I once knew a woman who had started a business making bows. She had made hundreds of bows, invested in a bow making machine and lots of expensive ribbons. She hadn’t sold a single one. She really liked making bows so that was what she was doing with her time, but she hadn’t figured out who would buy them. At that point, that wasn’t really a business it was just a hobby. You have to have customers, someone willing to pay for what you’re selling to be a real business.
3. Partner problems. Recently I was asked, “Why do you hate partnerships?” It was a fair question, I was being pretty negative. The truth is, I don’t hate partnerships, I’ve just had to dissolve too many of them. Partnerships get started because two or more friends decide they want to go into business together. Good friends (or spouses) do not always make good business partners. If there is a disagreement—how do you settle it?
I recently sat down with a couple that had a pretty good business plan and they seemed to be a good choice for a partnership. But I was asking a lot of questions and I’m glad I did. It seemed that Adam and Eve each had two income streams that they were thinking about for the partnership—sales of widgets and sales of thingamajigs. Adam was going to cut back on his widget sales to pursue the thingamajig sales full time in the partnership. Eve couldn’t sell thingamajigs she was just going to help Adam with that and in the meantime she would still sell widgets. It all sounded like a good plan.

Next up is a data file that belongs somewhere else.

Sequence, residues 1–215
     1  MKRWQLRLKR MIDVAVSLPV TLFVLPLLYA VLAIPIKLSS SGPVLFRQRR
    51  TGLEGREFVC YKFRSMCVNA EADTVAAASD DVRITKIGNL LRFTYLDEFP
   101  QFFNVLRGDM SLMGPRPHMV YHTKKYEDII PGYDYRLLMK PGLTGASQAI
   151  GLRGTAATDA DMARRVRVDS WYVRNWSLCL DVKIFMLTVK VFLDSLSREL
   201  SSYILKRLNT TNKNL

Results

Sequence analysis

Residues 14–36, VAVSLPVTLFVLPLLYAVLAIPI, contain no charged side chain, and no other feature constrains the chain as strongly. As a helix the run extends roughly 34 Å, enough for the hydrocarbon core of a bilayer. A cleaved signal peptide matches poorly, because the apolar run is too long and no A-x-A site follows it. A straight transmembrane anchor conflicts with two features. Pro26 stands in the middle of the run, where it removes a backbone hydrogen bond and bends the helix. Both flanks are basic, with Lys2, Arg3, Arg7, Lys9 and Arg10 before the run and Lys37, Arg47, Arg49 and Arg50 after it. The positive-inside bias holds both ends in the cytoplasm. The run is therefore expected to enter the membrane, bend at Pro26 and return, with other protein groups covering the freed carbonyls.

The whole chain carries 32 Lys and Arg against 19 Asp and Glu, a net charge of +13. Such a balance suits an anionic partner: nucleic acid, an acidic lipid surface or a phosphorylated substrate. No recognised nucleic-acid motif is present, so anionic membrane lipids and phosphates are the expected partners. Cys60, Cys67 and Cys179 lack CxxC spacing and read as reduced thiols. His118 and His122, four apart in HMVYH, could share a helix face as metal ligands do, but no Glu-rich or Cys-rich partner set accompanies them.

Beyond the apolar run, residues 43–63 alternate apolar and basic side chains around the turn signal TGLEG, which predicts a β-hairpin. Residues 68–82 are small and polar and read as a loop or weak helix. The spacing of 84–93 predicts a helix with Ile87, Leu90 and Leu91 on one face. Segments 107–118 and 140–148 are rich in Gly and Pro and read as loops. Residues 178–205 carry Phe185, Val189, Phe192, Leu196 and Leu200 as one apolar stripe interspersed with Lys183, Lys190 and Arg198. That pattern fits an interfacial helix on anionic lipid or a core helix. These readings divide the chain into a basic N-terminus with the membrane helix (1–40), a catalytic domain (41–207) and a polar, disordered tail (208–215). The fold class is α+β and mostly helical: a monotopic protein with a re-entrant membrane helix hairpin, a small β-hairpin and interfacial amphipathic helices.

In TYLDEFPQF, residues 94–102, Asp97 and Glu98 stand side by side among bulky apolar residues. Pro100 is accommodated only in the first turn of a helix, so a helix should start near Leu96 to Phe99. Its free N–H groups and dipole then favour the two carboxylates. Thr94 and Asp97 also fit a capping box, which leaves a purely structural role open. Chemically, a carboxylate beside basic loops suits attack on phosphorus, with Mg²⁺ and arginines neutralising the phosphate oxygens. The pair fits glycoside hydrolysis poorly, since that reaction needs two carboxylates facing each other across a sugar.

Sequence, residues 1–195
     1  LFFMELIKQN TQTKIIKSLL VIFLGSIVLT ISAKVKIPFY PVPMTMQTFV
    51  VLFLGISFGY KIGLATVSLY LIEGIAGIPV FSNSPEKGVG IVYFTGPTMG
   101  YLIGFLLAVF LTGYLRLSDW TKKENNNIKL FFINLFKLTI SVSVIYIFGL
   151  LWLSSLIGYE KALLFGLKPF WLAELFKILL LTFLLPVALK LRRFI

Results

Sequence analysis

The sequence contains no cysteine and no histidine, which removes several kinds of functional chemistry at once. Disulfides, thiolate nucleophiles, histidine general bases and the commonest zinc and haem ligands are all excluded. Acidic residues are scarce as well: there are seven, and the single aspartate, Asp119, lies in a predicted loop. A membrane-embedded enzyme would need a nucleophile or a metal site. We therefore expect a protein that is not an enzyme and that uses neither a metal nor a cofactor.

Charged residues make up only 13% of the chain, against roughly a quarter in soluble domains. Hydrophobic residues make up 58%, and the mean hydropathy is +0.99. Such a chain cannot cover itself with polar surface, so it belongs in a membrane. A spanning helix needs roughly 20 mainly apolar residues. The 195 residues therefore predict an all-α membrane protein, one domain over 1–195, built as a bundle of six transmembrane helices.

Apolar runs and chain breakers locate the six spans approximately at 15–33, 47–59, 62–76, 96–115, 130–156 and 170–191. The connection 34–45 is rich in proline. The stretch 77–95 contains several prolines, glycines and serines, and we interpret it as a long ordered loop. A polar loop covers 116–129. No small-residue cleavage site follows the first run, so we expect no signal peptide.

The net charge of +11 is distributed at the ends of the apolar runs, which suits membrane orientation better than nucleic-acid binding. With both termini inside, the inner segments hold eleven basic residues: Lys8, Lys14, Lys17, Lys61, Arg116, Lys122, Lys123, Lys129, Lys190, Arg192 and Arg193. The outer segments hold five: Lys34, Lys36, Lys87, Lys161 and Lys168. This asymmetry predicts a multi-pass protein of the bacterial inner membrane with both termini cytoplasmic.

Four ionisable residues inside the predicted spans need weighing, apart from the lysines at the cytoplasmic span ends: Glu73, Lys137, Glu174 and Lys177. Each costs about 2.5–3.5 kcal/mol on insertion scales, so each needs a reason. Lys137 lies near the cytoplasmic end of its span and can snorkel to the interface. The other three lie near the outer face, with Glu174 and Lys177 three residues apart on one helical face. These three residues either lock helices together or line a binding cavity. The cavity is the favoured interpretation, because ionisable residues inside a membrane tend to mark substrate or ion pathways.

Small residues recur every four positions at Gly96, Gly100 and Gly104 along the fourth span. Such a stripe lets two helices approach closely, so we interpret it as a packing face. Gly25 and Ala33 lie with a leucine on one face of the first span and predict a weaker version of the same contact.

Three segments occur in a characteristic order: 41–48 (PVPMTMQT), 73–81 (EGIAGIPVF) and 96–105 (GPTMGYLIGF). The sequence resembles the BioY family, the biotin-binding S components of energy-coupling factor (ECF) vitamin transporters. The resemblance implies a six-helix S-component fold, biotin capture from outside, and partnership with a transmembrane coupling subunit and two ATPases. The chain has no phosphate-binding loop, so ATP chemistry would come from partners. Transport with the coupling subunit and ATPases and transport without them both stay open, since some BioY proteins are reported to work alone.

Except: Widget sales was technically another job. The money Eve earned selling widgets was outside the partnership—just as Adam’s widget sales were outside the partnership. Adam was counting on Eve’s widget income to help support him because he knew that the thingamajig income wouldn’t be enough to support him during the first year. Eve was hoping the thingamajig income would supplement her widget income; she wasn’t planning on turning over half of her widget income to Adam.
The bright side to this scenario is that they were thinking and talking before they made the partnership. They hit a roadblock, yes, but they’re smart and will work around it somehow. Too often I see partners who went into business together and later wind up fighting because they didn’t spell out their expectations up front.